The Dim-Post

April 30, 2010

Surely not

Filed under: Politics — danylmc @ 1:53 pm

I can’t believe any government Minister would walk into the old ‘make the accusation, wait for the denial then present the proof’ trap but I guess Paula Bennett is the least unlikely to fall for it.

UPDATE: Turns out TV3 did not have ’email documentation’, they had a couple of Facebook messages between Fuller and one of her friends in which Fuller claimed she had been offered compensation. After meeting with Paula Bennett Fuller wrote:

Things went really well she wasn’t that scary… I dropped the tears a few times and she felt sorry for me – wont put me back in the media and get me hurt again and willing to talk settlement. I’ve got a tough choice to make have two days to come up with what I want as a payment I don’t want to sound greedy but its hard to put price on what iv been through

Fuller has said that the messages were untrue and a joke. Doesn’t really sound that way does it? Sounds like one of the criteria for payment was confidentiality and someone has explained to Fuller that she won’t get any money if she publically admits to a settlement.

The meetings between Bennett and Fuller were initiated by the Privacy Commissioner – I don’t have a problem with them mediating a cash settlement (if that’s what has happened): Fuller is the wronged party here, after all.

UPDATE II: My other theory is that Bennett didn’t explicity offer Fuller cash (Bennett: ‘Why don’t you tell us what you want out of all of this and I’ll see what I can do.’ Fuller: ‘You mean like a cash settlement?’ Bennett: ‘If you think that’s fair. Have a think about it and let me know, and I’ll make sure that the horrible media leaves you alone.’)

April 29, 2010

But will they step to the wu?

Filed under: finance — danylmc @ 7:20 pm

Stephen Franks is sceptical about the new financial markets super-regulator announced this week:

But most of the stuff on the FMA is the political equivalent of corporate changes of letterhead and livery, until proved otherwise. Sometimes it signifies a genuine transformation. More often it is instead of genuine change. We won’t know till we see the detail.

I think the presence or absence of ‘Plane’ Jane Diplock, arguably our worst performing civil servant of the decade will be an indicator of the efficacy of the new organisation. Also, I told myself that next time I posted something in the finance category I’d link to this:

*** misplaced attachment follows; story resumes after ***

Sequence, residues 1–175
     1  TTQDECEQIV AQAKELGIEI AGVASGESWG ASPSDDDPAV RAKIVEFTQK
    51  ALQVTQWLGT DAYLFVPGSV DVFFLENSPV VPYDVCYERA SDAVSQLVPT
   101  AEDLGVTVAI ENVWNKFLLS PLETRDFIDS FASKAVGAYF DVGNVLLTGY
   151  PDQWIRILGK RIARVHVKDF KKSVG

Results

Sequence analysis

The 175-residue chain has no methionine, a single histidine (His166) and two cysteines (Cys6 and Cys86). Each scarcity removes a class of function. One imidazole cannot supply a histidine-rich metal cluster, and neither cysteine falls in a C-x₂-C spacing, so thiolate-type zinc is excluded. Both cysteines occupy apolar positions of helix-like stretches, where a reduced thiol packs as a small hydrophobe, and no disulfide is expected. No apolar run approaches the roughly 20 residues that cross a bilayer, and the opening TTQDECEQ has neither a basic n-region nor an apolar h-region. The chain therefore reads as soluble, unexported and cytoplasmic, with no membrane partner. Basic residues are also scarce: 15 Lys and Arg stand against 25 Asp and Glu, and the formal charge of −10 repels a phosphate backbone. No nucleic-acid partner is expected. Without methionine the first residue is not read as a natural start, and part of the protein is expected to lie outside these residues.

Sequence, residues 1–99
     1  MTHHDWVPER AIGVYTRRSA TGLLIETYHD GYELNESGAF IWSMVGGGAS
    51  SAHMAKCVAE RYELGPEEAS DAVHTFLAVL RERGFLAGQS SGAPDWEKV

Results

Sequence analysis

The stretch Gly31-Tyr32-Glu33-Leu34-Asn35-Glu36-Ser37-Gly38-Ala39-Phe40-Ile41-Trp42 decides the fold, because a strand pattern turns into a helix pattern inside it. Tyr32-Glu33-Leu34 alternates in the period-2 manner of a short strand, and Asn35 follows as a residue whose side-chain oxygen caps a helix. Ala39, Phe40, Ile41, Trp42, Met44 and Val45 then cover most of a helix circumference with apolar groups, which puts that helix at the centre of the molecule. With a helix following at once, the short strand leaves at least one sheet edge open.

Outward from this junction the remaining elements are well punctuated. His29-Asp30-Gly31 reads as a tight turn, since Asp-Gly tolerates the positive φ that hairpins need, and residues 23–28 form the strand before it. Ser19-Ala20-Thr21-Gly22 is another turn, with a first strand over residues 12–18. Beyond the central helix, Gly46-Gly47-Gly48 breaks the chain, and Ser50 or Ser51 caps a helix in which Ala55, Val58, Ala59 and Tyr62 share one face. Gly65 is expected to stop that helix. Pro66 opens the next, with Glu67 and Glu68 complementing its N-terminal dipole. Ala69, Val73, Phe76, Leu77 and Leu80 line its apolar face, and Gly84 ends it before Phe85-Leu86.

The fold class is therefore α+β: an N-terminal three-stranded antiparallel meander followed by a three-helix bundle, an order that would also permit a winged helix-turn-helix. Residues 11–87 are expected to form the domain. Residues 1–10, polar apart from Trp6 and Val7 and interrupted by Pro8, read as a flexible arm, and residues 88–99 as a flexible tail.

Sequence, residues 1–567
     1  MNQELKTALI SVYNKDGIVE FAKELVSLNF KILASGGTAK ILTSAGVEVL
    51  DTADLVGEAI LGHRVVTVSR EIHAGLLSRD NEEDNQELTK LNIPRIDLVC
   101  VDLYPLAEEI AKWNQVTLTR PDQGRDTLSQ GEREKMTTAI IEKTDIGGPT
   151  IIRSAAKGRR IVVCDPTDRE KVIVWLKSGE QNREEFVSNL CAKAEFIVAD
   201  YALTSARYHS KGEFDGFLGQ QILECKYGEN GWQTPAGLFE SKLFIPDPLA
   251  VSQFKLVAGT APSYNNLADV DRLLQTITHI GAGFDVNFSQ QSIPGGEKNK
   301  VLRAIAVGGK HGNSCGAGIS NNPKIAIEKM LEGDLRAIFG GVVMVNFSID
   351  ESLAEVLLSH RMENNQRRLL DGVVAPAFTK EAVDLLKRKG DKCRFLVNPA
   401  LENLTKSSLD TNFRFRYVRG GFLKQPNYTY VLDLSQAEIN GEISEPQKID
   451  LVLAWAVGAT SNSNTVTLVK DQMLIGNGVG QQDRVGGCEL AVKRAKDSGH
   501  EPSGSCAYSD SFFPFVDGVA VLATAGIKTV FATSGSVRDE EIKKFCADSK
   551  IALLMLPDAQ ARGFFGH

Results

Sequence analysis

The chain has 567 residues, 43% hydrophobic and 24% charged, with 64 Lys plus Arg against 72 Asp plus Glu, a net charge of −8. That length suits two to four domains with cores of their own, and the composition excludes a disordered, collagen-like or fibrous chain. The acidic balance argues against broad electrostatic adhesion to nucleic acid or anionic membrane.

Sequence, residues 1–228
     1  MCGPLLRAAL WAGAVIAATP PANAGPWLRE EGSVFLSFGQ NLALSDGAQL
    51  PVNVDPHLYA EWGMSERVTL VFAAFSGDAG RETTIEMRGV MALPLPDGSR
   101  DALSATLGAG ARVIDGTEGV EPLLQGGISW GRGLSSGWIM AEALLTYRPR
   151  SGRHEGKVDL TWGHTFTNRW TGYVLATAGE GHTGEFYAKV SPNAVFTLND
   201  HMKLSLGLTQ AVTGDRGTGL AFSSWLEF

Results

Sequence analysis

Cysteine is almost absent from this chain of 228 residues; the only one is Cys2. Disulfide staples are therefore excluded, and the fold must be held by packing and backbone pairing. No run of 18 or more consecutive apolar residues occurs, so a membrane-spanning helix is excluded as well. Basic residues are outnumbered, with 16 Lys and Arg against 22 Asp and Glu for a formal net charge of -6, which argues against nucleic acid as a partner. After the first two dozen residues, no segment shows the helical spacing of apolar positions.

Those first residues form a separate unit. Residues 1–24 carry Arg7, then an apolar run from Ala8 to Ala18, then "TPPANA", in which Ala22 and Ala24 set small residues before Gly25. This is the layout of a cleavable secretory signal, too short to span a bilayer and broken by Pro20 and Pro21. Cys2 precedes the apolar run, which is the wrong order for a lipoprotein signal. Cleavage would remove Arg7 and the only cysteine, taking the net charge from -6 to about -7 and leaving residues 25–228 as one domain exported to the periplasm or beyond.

Speaking of drugs

Filed under: drugs — danylmc @ 8:05 am

On the one hand, tobacco excise is a regressive tax. On the other hand . . .

About a quarter of Indonesian boys aged 13 to 15 are already hooked on cigarettes that sell for about $1 a pack or as little as a few cents apiece, according to WHO. A video on YouTube last month prompted outrage when a 4-year-old Indonesian boy was shown blowing smoke rings and flicking a cigarette. His parents say he’s been smoking up to a pack a day since he was 2.

According to a 2008 study on tobacco revenue in Indonesia, smokers spend more than 10 percent of their household income on cigarettes; that’s three times more than they spend on education-related expenses such as school fees and books.

As of today cigarettes in New Zealand will set you back about $17 a packet. That’s a lot of cash for kids to steal out of Dad’s coin jar. I imagine the ban on smoking in bars prevents a lot of older teens from acquiring the habit. That’s a lot of people who won’t spend their lives addicted to an expensive and deadly drug: Oh nanny state! Is there no limit to your evil?

Meanwhile, The Press has a story about the government’s ‘War on P’ turning into a game of whackamole:

Young people are getting hooked on a new form of heroin as dealers find drugs to fill the gap left by record seizures of P.

Christchurch police, health professionals and drug counsellors have noticed a rise in the past year in the number of young people using the new form of the drug, known among users as “spotting”, a name derived from the way it is taken.

Detective Sergeant Dorothy McPhail, of the Christchurch organised-crime unit, said the drug was a “new form of homebake heroin in liquid form sold in dots on sheets of tinfoil”.

The drug is then smoked off the foil.

“It seems to be a younger group that is using it. That seems to be the trend. It is something new that we have come across,” she said.

The Canterbury District Health Board’s community alcohol and drug service clinical head, David Stoner, said more young people were becoming addicted to opiates.

It’s an unhappy fact of life that a lot of young people want to abuse drugs. The status quo is that they abuse drugs that are legal for historic reasons (alcohol, tobacco) or that are easy and profitable for criminal organisations to manufacture (methamphetamine, heroin). If only there was some blindingly obvious solution to this problem.

Serious Question

Filed under: drugs — danylmc @ 7:53 am

Does anyone know what the popularity and subsequent outlawing of BZP based party pills had on youth drinking patterns and outcomes?

She’s just a sort of bigoted woman who says she used to be Labour

Filed under: Politics — danylmc @ 6:55 am

Gordon Brown’s gaffe after speaking to a former (now very much so) Labour supporter is all over the UK news; the whole interview is interesting, illustrating how traditional working class voters who historically voted Labour are now motivated by identity politics, not class politics. They may support left-wing economic policies, but culturally they have nothing in common with Labour and everything in common with the Conservatives: fear of youth and immigrants, hatred of beneficiaries etc; they’re on low incomes and no longer unionised, they have many views that Labour MPs find repulsive.

Obviously the same pattern repeats itself in New Zealand: Ministers like Collins and Bennett are an especially powerful tool for National in capturing what used to be the working class. Labour has no one that can even speak to this demographic. I think Goff’s counting on a resurgent Winston Peters to win many of these voters back in 2011.

April 28, 2010

Can the government’s drug policy get more schizophrenic?

Filed under: Politics — danylmc @ 7:34 pm

Via Stuff:

In a shock move, the Government has this evening taken Parliament into extraordinary urgency to pass a bill increasing tobacco excise tax by more than 33 percent over two years.